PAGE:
I was travelling in China with my Macbook and USB-C Power Adapter. While plugged in at a hotel, the prongs of adapter got burnt.

Is it okay to just replace the prongs, or is it likely that the adapter's circuits have been damaged? There is no other visible damage to any other part of the charger.

Should I just replace the whole adapter to be safe?

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3 Answers 3


Taking a close look at the adapter, you will notice there is evidence of melted metal on the second prong most likely caused by arcing.

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What this tells me is that there was a short from the hot to neutral which (should have) tripped the breaker. What caused it? Any number of things from faulty wiring to a surge with enough voltage to cause the electricity to "jump" from one conductor to the next.

Is your adapter safe to use?

Yes, provided it works. Adapters are designed to isolate the high(er) voltage mains AC from the lower, cleaner, usable DC voltage. If anything was damaged due to a surge, the adapter simply won't work (most likely the internal fuse would be blown).

Bottom line... you can plug it in and it won't hurt your Mac. You can even used the charred AC plug connector and it will still work. Unless the prong is broken, or so physically deformed that it's causing a short, there's nothing to worry about.


If there is no damage to the body of the brick and it appears to be functioning normally, I would personally be okay just replacing the prong portion.

That said, Apple may be interested in trading out the entire power supply free of charge. They care a ton about product safety. They may be interested in dissecting it to determine if it was a manufacturing defect. You can find Apple support contact information here.

  • 2
    Honestly this is a bit of "my opinion is..." question. The wall outlet that did this to the adapter COULD have damaged it and plugging it into your Mac COULD also damage your Mac. The odds of that are unknown it could be minimal or... You have to decide if spending money on a new adapter "just in case" is worth it to you. Dec 5, 2017 at 15:44
  • Of course. There is no one right answer to this question.
    – drivec
    Dec 5, 2017 at 15:49

TLDR: Wrecked by series arcing, from inserting in loose socket. The pins are scrap now. Don't use AC sockets that are loose.

This is due to series arcing: power was flowing through the adapter normally, but making poor contact. AC mains voltage electricity was able to leap across the very small gap between pin and socket. This arcing acted exactly like arc welding (was arc welding) and gouged and pitted the metal, and made smoke/soot (probably from the poor grade of plastic of the Chinese socket). This worsened the contact and worsened the arcing. Arcing like this makes an impressive amount of heat - which dips the voltage to the appliance, which on a switching power supply increases current further, lather rinse repeat.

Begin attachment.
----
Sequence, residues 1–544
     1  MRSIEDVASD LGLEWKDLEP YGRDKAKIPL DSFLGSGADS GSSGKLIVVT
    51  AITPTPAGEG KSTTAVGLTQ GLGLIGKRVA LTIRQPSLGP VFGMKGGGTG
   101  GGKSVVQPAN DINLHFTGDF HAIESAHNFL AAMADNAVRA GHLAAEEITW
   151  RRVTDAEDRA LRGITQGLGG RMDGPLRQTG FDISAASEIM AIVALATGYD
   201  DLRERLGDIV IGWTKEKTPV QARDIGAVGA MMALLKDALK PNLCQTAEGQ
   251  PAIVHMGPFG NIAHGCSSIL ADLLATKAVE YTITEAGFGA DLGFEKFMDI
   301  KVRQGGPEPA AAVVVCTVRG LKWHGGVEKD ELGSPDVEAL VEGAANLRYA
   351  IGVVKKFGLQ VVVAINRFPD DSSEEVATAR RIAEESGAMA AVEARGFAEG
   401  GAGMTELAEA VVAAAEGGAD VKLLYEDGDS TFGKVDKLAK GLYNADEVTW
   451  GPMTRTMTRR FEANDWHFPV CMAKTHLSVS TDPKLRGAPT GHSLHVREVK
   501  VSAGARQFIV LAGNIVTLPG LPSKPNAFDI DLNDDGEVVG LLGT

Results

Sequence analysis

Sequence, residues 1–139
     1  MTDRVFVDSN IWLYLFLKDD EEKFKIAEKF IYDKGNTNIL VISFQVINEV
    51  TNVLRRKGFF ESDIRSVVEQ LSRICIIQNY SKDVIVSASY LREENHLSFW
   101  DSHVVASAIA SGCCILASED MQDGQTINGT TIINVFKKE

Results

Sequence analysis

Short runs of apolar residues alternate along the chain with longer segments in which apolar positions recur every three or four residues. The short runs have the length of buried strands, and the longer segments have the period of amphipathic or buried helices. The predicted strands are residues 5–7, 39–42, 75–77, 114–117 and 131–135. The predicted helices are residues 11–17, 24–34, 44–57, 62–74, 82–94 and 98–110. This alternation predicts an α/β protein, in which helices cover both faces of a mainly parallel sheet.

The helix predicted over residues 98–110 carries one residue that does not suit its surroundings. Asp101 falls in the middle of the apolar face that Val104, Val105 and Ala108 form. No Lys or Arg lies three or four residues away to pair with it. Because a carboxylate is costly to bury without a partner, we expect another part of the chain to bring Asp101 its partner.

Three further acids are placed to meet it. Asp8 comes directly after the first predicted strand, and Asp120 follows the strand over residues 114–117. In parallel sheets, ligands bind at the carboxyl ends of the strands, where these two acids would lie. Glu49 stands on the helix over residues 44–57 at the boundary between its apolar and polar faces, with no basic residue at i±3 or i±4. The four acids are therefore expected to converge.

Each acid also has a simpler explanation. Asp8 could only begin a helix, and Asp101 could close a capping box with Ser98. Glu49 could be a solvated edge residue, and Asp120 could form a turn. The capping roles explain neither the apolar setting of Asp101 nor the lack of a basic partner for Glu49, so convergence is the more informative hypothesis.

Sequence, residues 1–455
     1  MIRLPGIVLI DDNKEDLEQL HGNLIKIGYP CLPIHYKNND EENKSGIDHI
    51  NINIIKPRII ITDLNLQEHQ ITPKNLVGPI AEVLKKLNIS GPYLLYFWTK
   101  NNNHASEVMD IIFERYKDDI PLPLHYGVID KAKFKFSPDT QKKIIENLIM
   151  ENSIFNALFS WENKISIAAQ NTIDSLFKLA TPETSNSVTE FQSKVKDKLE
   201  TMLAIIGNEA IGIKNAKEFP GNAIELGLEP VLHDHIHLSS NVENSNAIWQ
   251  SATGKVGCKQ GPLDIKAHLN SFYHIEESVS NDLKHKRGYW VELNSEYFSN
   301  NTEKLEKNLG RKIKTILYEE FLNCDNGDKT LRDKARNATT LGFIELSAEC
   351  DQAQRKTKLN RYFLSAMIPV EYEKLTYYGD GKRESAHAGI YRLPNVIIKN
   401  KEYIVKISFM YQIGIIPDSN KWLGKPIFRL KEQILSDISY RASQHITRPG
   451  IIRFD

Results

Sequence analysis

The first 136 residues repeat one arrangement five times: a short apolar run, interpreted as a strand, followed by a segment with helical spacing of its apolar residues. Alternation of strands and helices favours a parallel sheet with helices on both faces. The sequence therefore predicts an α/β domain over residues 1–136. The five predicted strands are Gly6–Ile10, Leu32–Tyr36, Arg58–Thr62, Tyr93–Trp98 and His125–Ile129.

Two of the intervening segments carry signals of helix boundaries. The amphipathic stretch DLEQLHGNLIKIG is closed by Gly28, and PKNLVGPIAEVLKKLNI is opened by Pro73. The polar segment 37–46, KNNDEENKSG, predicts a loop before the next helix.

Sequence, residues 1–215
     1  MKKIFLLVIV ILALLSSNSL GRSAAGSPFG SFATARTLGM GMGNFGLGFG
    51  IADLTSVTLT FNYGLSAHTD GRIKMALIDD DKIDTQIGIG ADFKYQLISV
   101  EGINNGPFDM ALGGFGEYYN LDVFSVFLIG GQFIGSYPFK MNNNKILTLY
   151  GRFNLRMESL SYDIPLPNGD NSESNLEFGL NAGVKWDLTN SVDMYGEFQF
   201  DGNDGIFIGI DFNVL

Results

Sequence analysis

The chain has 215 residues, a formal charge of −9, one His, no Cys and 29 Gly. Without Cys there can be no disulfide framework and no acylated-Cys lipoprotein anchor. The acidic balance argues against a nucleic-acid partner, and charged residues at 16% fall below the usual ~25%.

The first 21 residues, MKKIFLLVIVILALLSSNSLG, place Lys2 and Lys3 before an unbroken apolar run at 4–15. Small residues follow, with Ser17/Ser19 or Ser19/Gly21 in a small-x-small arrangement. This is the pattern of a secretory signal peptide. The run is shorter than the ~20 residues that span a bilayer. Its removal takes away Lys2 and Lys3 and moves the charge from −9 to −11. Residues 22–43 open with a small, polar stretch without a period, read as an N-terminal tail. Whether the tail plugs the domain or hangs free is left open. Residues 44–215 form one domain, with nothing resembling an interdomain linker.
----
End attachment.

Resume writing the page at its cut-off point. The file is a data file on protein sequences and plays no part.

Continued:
The part with the pins is scrap, since the arc damage will cause its contact with other plugs to be unreliable, which in turn could cause even more arcing. It won't hurt your Mac, but it might start a fire which would definitely damage your Mac. I would not attempt to dress the pins with a file, as they are plated, and you are exposing the underlying brass, which would then oxidize, worsening contact further. The rest of the charger is fine, you can get "just the little clip-on plug device" by buying any genuine Apple iPad charger, which use the same clip-on. I get mine on eBay for $12.

Or, look at the socket on the power block - that is IEC C8. It can mate with any common "IEC C7" appliance cord. When I had a Macbook PS that had a cord instead of a pin-frob, I left the cord behind and just grabbed a local C7 cord.

The lesson to learn here is don't use AC power sockets that are loose. If the contacts don't grip the plug securely, it is defective and don't use it.

This sort of thing is why UL and the other national testing labs (CSA, TUV, BSI etc.) have very high standards for manufacture of sockets and plugs. Both in terms of contact design and quality, and also the plastics used must resist and not accelerate fire, and not emit toxic smoke if charred by external fire. Such standards do not always exist in the third world, or are not enforced.

The pin location of this arcing is highly unusual. That is not the normal contact point for a UL-listed or CSA-listed NEMA 5-15 socket, which is on the 2 faces of each pin. I suspect you were dealing with one of the infamous Chinese "everything sockets", which make contact with every kind of plug, but very poor contact with any of them. This could not handle 0.5 amps - certainly 16A is out of the question. As such, UL and the major NRTLs will never approve "everything sockets". They cannot be made safely.

"Dual sockets" such as British shaver sockets are possible.

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